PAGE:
A sworn affidavit filed in federal court Thursday alleges Zion Williamson's stepfather solicited and received a $400,000 payment in October 2018, while the basketball star was a student at Duke, multiple outlets reported.
The affidavit was filed in Greensboro, N.C. by attorneys for Gina Ford, whois locked in a $100 million lawsuit with Williamson over whether the 20-year-old New Orleans Pelicans violated his contract with Ford when he signed with another agency in April 2019.
According to the reports, the affidavit comes from a California man named Donald Kreiss, who says he helped in the financial dealings between Lee Anderson -- Williamson's stepfather -- and Canadian marketing agent Slavko Duric.
Among the exhibits attached to motion containing the affidavit is a copy of an agreement dated Dec. 8, 2019, that appears to show both Anderson's and Williamson's signatures, and stating that the pair agreed to pay Duric's Maximum Management Group $500,000 "on or before Jan. 7, 2020" as repayment for a loan given by Duric to the family on Oct. 10, 2018.
Williamson's attorney, Jeffrey Klein, denied the allegations in an email to the Charlotte News Observer.
"The alleged 'agreements' and driver's license attached to these papers are fraudulent," Klein said in the email, per the News Observer, "and neither Mr. Williamson nor his family know these individuals nor had any dealings with them. We had previously alerted Ms. Ford's lawyers to both this fact and that we had previously reported the documents to law enforcement as forgeries, but they chose to go ahead with another frivolous filing anyway. This is a desperate and irresponsible attempt to smear Mr. Williamson at the very time he has the opportunity to live his dream of playing professional basketball."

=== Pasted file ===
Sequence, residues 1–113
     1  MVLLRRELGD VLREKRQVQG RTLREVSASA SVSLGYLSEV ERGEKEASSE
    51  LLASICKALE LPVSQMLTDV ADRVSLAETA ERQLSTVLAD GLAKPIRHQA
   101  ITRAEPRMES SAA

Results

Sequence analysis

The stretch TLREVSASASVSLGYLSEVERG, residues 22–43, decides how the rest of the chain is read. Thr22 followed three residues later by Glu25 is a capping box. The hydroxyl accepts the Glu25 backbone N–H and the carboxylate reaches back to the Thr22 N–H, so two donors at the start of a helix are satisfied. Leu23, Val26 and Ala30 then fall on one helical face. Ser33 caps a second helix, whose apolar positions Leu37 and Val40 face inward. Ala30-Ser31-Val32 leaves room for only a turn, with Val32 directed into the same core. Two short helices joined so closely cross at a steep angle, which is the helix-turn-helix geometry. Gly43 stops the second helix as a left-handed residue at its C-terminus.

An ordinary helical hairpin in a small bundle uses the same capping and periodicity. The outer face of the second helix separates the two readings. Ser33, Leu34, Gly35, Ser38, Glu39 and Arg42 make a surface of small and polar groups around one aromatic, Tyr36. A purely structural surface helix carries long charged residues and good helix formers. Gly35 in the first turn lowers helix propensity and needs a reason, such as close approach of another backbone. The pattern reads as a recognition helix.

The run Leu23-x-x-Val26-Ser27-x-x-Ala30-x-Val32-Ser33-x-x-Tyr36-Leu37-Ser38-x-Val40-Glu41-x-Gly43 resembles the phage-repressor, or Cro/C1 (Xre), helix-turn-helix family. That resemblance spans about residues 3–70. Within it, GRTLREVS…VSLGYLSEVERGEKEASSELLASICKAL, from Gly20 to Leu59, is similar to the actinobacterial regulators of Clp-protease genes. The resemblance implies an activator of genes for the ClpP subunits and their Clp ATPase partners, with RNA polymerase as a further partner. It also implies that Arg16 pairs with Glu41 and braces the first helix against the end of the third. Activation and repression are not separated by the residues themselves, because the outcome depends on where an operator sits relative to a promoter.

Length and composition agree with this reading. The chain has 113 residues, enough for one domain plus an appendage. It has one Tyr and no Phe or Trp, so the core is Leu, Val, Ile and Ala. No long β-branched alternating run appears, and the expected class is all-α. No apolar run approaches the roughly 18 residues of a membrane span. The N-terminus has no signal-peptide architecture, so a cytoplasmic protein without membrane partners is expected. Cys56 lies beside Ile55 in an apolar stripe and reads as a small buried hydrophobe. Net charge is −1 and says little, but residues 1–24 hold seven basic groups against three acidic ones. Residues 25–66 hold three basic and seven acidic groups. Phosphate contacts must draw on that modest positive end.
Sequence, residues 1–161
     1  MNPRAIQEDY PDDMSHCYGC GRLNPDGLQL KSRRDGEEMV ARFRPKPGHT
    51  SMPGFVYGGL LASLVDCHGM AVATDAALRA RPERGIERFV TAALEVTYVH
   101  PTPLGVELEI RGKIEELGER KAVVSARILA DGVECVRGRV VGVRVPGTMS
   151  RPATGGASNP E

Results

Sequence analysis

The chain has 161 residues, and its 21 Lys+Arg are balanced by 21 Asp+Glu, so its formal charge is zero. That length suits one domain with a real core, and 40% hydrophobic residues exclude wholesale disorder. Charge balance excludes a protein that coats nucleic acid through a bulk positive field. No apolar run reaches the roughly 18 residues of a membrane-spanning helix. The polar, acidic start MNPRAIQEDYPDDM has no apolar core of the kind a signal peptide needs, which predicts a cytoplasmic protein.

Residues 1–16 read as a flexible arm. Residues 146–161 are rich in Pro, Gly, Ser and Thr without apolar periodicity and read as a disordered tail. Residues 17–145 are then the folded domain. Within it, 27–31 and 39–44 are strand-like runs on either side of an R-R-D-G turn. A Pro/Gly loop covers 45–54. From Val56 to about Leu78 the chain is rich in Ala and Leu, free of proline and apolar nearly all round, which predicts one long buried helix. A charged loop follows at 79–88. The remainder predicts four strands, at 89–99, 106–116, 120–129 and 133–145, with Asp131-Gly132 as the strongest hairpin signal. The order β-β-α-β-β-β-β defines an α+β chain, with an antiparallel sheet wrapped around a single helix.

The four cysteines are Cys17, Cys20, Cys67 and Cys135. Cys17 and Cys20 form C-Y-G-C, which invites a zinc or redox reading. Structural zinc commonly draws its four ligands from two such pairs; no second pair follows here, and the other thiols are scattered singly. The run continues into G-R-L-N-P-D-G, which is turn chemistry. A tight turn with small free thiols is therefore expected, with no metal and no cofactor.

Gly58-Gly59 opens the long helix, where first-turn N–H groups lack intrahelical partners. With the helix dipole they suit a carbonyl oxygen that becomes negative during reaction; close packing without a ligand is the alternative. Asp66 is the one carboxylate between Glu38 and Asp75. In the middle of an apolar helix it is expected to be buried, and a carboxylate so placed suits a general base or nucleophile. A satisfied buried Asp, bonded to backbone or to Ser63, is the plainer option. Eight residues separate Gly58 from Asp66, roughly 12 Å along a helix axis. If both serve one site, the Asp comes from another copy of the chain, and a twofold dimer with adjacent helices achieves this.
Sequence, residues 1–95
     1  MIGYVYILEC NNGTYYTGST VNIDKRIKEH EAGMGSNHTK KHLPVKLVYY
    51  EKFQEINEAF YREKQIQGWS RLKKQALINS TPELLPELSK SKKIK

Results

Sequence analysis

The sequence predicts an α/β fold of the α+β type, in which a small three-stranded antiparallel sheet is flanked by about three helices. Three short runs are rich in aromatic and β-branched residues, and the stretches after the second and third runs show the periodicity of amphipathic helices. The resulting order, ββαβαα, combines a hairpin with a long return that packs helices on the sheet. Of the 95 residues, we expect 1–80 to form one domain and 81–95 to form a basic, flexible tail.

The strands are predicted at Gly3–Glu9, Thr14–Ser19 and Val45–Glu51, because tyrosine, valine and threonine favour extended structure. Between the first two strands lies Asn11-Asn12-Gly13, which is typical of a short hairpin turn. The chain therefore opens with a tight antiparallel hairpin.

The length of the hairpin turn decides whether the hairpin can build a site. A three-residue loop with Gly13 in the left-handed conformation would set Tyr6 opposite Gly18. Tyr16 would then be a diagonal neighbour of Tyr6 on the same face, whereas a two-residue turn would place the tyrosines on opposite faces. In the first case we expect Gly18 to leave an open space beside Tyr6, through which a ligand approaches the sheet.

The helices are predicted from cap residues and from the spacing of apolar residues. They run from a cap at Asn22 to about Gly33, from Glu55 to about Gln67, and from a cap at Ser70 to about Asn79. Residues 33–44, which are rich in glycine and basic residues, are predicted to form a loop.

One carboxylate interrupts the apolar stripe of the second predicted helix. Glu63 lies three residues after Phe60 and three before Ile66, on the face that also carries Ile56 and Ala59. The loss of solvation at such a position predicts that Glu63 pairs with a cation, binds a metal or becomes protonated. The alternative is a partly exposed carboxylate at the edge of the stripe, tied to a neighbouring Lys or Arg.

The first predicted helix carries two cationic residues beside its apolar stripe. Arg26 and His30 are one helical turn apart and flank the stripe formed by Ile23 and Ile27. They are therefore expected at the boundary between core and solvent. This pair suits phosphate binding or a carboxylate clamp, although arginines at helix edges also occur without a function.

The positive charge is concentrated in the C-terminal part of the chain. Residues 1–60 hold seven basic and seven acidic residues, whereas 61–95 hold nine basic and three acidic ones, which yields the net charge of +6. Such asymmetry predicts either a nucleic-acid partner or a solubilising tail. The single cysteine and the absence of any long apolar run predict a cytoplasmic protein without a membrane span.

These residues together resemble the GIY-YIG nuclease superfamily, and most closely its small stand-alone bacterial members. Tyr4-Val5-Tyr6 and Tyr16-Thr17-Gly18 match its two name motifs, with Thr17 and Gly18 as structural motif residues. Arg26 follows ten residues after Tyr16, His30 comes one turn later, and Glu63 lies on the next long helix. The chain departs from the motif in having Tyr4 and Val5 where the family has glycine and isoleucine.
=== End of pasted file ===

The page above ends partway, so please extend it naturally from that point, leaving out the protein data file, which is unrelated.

Williamson signed with Ford's Miami-based Prime Sports Marketing agency in April 2019. A month later he signed with Creative Artists Agency to represent him in marketing deals and his NBA contract negotiations.
Ford claimed Williamson owed her $100 million for breaking their contract, leading Williamson to sue her on the grounds their contract was never valid as Ford was not registered as an agent in the state of North Carolina.
Ford countersued in Florida, stating North Carolina's law (the Uniform Athlete-Agent Act) does not apply because Williamson broke NCAA rules and should have never been granted eligibility to play at Duke, located in Durham, N.C.
That is where the alleged loan introduced in court Thursday comes into play.
Last month, the Florida court ruled the case in North Carolina should play out before Ford's countersuit in Florida moves forward.
--Field Level Media